“Lot of people in tonight?” said the dark-eyed man.
“I suppose there’d be a dozen or so, sir. About normal.”
“Good,” said the oldest man. “Well, bring us some of that roast beef.”
“Some soup to start with, sir? Spiced parsnip today.”
“Yes, why not? Soup all round, followed by your famous roast beef. And another bottle of this claret.”
Malcolm didn’t think the beef was really famous; that was just a way of talking. He left to get some cutlery and to place the order with his mother in the kitchen.
In his ear, Asta, in the form of a goldfinch, whispered, “They already knew about the nuns.”
“Then why were they asking?” Malcolm whispered back.
“They were testing us, to see if we told the truth.”
“I wonder what they want.”
“They don’t look like scholars.”
“They do, a bit.”
“They look like politicians,” she insisted.
“How d’you know what politicians look like?”
“I just got a feeling.”
Malcolm didn’t argue with her; there were other customers to attend to, so he was busy, and besides, he believed in Asta’s feelings. He himself seldom had that sort of feeling about people—if they were nice to him, he liked them—but his dæmon’s intuitions had proved reliable many times. Of course, he and Asta were one being, so the intuitions were his anyway, as much as his feelings were hers.
Malcolm’s father carried the food in to the three guests and opened their wine. Malcolm hadn’t learned to manage three hot plates at once. When Mr. Polstead came back to the main bar, he beckoned Malcolm with a finger and spoke quietly.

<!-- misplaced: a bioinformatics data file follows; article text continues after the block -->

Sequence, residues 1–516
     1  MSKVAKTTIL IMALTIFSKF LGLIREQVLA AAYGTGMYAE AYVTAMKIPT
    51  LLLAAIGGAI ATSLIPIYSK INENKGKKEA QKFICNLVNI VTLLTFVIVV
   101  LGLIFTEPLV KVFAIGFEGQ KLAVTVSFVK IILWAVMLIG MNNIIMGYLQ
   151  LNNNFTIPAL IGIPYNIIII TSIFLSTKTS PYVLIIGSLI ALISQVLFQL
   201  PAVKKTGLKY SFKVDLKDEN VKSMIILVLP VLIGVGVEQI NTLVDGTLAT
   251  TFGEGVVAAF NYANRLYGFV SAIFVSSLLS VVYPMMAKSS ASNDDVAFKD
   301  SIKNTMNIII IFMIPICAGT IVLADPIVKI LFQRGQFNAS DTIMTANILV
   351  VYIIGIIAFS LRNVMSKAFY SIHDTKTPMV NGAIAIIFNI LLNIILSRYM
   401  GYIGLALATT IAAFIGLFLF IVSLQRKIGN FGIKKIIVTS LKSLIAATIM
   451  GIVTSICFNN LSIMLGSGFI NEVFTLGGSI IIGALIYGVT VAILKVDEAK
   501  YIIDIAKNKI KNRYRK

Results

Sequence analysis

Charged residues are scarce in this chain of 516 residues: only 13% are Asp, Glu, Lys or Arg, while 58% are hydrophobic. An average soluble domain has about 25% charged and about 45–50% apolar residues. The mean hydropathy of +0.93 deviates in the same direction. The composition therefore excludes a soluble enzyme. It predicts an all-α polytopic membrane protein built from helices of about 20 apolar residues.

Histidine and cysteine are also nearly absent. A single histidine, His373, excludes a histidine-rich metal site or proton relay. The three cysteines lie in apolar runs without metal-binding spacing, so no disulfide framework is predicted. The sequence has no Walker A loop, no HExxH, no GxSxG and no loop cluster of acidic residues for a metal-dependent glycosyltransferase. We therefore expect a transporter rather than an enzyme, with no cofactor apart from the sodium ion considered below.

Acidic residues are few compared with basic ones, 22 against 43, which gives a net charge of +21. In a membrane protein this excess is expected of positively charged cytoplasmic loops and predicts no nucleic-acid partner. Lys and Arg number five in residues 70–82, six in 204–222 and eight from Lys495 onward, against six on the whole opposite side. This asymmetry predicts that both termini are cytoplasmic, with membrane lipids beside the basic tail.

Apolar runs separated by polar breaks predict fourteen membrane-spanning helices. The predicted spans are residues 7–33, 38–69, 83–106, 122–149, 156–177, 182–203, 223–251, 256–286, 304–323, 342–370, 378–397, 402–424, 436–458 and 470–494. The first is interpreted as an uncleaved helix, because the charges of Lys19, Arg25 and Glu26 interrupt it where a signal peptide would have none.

“What did those gentlemen say to you?” he said.
“They were asking about the priory.”
“They want to talk to you again. They said you were a bright boy. Mind your manners, now. You know who they are?”
Malcolm, wide-eyed, shook his head.
“That’s Lord Nugent, that is—the old boy. He used to be the lord chancellor of England.”
“How d’you know that?”
“I recognized him from his picture in the paper. Go on now. Answer all their questions.”
Malcolm set off down the corridor, with Asta whispering, “See? Who was right, then? The lord chancellor of England, no less!”
The men were tucking into their roast beef (Malcolm’s mother had given them an extra slice each) and talking quietly, but they fell silent as soon as Malcolm came in.
“I came to see whether you’d like another light, gentlemen,” he said. “I can bring a naphtha lamp for the table, if you like.”
“In a minute, Malcolm, that would be a very good idea,” said the man who was the lord chancellor. “But tell me, how old are you?”
Perhaps he should have said my lord, but the ex–lord chancellor of England had seemed quite content with sir. Perhaps he was traveling incognito, in which case he wouldn’t like to be given his right form of address anyway.
“And where do you go to school?”
“Ulvercote Elementary, sir, just across Port Meadow.”
“What are you going to do when you grow up, d’you think?”
“Most probably I’ll be an innkeeper, like my father, sir.”
“Jolly interesting occupation, I should think.”
“I think it is too, sir.”
“All sorts of people passing through, and so on.”
“That’s right, sir. There’s scholars from the university come here, and watermen from all over.”
“You see a lot of what’s going on, eh?”
“Yes, we do, sir.”
“Traffic up and down the river, and such.”
“It’s mostly on the canal that there’s the interesting stuff, sir. There’s gyptian boats going up and down, and the horse fair in July—the canal’s full of boats and travelers then.”
“The horse fair…Gyptians, eh?”
“They come from all over to buy and sell horses.”
The scholarly man said, “The nuns in the priory. How do they earn a living? Do they make perfumes, anything like that?”
“They grow a lot of vegetables,” Malcolm said. “My mum always buys her vegetables and fruit from the priory. And honey. Oh, and they sew and embroider things for clergymen to wear. Chasubles and that. I reckon they must get paid a lot for them. They must have a bit of money because they buy fish from Medley Pond, down the river.”
“When the priory has visitors,” said the ex–lord chancellor, “what sort of people would they be, Malcolm?”
“Well, ladies, sometimes…young ladies…Sometimes an old priest or bishop, maybe. I think they come here for a rest.”